7 tips to make your job easier
1) Delegate. Delegating doesn’t mean you’re asking someone else to do your job for you. True delegation makes the responsibility for a task someone else’s job. To delegate effectively, outline what you want done, explain the desired result, and then step back and let the team members take over. If you don’t feel confident giving team members new responsibilities, you may need to invest a little time in training them, says Denise Tumblin, CPA, president of Wutchiett Tumblin and Associates in Columbus, Ohio.
2) Make time for managing. When you’re involved in the day-to-day fracas of sick pets and worried clients, it’s easy to forget the management side of veterinary practice. “It can’t be relegated to when you’re driving, watching TV, or just whenever you have a spare moment,” Tumblin says. “Block off time on your schedule each week, and honor that time.” Your practice’s policies, client compliance efforts, and bottom line will benefit.
3) Use outside resources. If you don’t know where to turn next to solve a problem, why not turn to a business consultant, accountant, financial planner, mentor, or friendly colleague? Tapping others’ expertise offers opportunities to improve efficiency. You also could ask a knowledgeable friend or colleague to observe your practice and evaluate your policies and procedures. “It means you’ll get to spend some time working on your practice instead of just in it,” says Mark Opperman, CVPM, owner of veterinary consulting firm VMC Inc. in Evergreen, Colo.
4) Get a little learning. Schedule some time for CE: a class, a journal, or a good job-related book. Commit yourself to lifelong learning. “After all, it’s what you learn after you know it all that counts,” says author and Good Morning America veterinarian Dr. Marty Becker. “When you hit a roadblock, ask, ‘What is this trying to teach me?’”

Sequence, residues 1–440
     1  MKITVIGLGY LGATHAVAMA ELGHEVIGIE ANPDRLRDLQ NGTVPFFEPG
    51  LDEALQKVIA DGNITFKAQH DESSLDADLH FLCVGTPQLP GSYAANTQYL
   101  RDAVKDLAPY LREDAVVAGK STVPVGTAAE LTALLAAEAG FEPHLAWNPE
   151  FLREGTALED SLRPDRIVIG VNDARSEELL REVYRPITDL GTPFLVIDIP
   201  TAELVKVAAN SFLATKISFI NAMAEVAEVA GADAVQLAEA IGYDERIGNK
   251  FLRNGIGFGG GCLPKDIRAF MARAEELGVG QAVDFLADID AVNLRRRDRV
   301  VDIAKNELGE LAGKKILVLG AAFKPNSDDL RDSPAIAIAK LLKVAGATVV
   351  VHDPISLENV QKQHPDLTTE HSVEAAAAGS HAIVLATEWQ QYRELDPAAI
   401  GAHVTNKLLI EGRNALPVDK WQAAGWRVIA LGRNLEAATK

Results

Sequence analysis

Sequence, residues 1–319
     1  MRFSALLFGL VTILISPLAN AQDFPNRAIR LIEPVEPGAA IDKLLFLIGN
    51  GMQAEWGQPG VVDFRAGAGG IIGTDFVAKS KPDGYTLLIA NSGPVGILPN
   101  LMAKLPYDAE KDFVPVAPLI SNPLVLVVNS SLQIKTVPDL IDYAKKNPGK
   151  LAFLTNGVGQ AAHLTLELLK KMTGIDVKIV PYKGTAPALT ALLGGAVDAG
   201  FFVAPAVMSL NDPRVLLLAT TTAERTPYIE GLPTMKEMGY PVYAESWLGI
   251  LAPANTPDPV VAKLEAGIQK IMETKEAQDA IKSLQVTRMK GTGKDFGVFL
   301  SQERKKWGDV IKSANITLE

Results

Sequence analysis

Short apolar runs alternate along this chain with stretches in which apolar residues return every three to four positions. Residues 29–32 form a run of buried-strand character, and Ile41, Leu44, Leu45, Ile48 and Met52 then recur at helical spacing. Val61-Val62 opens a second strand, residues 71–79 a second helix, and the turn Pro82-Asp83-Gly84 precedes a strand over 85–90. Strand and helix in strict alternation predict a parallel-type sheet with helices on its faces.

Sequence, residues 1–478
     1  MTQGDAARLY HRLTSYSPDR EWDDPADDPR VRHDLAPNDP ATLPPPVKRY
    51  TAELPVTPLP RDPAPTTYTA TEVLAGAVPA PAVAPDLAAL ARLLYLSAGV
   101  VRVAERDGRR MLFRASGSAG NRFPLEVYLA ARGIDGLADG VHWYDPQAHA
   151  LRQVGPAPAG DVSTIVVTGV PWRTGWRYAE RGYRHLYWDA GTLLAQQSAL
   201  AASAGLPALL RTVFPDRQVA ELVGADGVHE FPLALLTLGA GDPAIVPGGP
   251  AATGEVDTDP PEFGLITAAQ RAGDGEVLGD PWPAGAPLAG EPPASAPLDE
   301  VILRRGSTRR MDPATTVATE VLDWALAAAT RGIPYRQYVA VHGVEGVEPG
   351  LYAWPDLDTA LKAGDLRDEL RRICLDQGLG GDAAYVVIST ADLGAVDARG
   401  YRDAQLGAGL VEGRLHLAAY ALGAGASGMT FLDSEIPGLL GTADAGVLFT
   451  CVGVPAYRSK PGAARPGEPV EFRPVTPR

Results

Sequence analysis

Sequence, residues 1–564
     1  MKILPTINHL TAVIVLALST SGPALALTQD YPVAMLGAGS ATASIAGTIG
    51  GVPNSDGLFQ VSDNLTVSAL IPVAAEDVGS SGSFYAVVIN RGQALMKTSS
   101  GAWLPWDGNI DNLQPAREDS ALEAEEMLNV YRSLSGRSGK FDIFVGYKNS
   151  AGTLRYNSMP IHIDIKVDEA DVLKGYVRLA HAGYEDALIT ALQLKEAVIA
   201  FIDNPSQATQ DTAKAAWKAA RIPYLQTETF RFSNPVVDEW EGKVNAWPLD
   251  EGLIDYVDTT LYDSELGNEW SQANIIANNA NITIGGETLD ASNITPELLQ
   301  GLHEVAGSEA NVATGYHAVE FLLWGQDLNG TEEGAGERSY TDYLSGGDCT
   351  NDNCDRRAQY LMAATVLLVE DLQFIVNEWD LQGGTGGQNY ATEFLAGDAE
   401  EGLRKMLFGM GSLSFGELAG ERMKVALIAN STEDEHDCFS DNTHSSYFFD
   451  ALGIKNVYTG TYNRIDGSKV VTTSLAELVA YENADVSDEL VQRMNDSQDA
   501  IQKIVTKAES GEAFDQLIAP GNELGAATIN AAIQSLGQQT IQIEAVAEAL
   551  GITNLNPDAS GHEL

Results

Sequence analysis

5) De-stress now. Be sure to get a full night’s sleep, monitor your breathing—change short and fast to long and slow—and do at least one thing you enjoy every day. “Even a walk for 15 minutes can make a difference in your stress level,” says Dr. Becker.
6) Laugh. Make fun at work as high a priority as more traditional areas of concern. Training on proper phone etiquette is all wasted if team members answering the phone are stressed and tired. “When you call a business or walk into a lobby, how long does it take you to determine whether the people are there because they want to be or have to be?” asks Dr. Becker. A little good-natured levity, smiles, and laughs can make team members enjoy coming to work, and that excitement is contagious to clients.
7) Ask team members for feedback. You’re not all on your own at your practice. You have talented, dedicated team members with ideas. Ask each of them what you can do to make their jobs less frustrating and more satisfying. Then make yourself available for one-on-one meetings to hear their comments. “Talking things over can clarify problems, enable you to better understand your employees’ needs, and demonstrate your sincere concern for their job satisfaction,” says Roslyn, N.Y.-based speaker and writer Bob Levoy. “It may not solve all of the job-related problems that have built up over time, but it’ll improve morale, motivation, and productivity.” And all it takes is a little communication.